IN the wake of volatile fuel prices, the government has outlined measures currently being undertaken to encourage the use of natural gas, including addressing tax issues in efforts to lower the cost of converting vehicles from gasoline consumption to compressed Natural Gas (CNG).
Minister for Energy January Makamba said on Friday that the government is engaging private sector so that it can invest in CNG infrastructure to make the service available across the country.
According to statistics charges for converting gasoline vehicles to CNG ranges between 1.5m/- and 2m/-.
He said the use of gas in vehicles and industries will not only create jobs and promote businesses but also will be a remedy to inflation brought about by soaring fuel prices.
The government has set aside budget in this financial year for creating public awareness about the use of natural gas especially in converting their vehicles to CNG.
We are also engaging private sector so that they can help to extend the services to other parts of the country by installing the needed infrastructure,” Makamba said in Dar es Salaam during the CEO Roundtable of Tanzania.
The discussion was focused on the role of private sector participation in current and projected energy projects.
The minister said that the government is also aware of the high cost of converting vehicles from gasoline consumption to compressed Natural Gas (CNG), noting that the next step will involve addressing financial and tax issues in order to reduce the cost of equipment needed for installing the system.
He said the government will also engage financial institutions so that they can provide loans to enable local investors to execute the projects. “We are proceeding well on this and it is my expectation that we will have more investors in the energy sector in the near future.”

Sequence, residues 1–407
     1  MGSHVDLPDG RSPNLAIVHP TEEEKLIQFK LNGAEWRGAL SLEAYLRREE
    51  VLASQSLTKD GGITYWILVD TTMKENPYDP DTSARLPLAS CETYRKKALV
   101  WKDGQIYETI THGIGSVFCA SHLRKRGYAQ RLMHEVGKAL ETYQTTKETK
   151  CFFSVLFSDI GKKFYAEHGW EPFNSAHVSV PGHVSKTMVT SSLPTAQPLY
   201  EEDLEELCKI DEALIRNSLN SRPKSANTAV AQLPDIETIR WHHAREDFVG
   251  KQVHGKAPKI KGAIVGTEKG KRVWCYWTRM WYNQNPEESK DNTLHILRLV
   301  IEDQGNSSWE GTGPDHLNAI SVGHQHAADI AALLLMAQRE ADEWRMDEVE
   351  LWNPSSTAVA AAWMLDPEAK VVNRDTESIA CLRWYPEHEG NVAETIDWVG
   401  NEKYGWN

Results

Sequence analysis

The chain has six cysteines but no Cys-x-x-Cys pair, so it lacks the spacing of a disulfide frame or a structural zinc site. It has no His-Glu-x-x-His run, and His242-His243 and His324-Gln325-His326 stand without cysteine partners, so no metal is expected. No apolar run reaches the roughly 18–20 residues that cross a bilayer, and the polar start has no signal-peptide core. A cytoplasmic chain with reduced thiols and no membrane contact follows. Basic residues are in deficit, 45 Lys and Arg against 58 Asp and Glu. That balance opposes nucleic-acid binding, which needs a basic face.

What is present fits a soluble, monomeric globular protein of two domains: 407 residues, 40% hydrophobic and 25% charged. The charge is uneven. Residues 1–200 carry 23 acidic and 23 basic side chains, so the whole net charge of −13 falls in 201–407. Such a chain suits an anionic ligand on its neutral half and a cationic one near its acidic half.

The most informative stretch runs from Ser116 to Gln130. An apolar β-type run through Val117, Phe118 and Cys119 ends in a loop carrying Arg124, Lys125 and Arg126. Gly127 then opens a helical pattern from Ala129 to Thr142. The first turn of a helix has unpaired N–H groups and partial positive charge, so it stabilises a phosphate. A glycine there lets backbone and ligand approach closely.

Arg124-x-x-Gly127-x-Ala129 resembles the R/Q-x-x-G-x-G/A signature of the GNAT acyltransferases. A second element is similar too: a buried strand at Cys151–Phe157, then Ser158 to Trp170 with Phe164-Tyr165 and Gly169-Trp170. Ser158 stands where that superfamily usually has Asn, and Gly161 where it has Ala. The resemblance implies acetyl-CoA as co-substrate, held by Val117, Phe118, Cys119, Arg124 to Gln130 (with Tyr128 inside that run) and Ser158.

For his part, CEOrt Chairman Mr David Tarimo expressed gratitude to the government noting that more than 200 member organisations are looking forward to enhancing collaboration with the government on engagement to further explore the role of energy in driving the sustainable sector.
Tanzania’s natural gas reserves are estimated at 57 trillion cubic feet with a total annual production of 110 billion cubic feet from three fields: Songo Songo, Mnazi Bay, and Kiliwani North while other logistics investments are in the pipeline.
Dar es Salaam city is estimated to have more than 1,000 vehicles converted to compressed natural gas (CNG) while the city has three different CNG filing stations.
Speaking recently during an online meeting held to discuss the use of alternative sources of energy in motor vehicles Permanent Secretary of the Ministry of Energy, Eng Felchesmi Mramba said “Use of CNG is more economical compared to petrol and diesel as natural gas costs a lot less than the two fuel types. The government continues to encourage Tanzanians to opt for it since the price of fuel on the global market is still high,” he added.
Even though natural gas is also a nonrenewable resource, and does pollute the environment, it is safer than both petrol and diesel for the planet because natural gas sends 25 per cent less carbon dioxide into the atmosphere.
According to Pan African Energy Tanzania Limited (PAET), the subsidiary of Orca Energy, motorists can absorb shocks of the rising fuel prices by increasing the use of compressed natural gas (CNG) in vehicles.
“We think there is still huge untapped domestic market to focus particularly the gas-powered vehicles which are cost-efficient with low emissions,” PAET Managing Director, Andrew Hanna said.
He said however that this is an area that needs huge investment to make sure CNG for use in vehicles is made available in different parts of the country.
He said there is a need to build a huge network of retail gas stations across the country for which motorists can easily refuel their vehicles.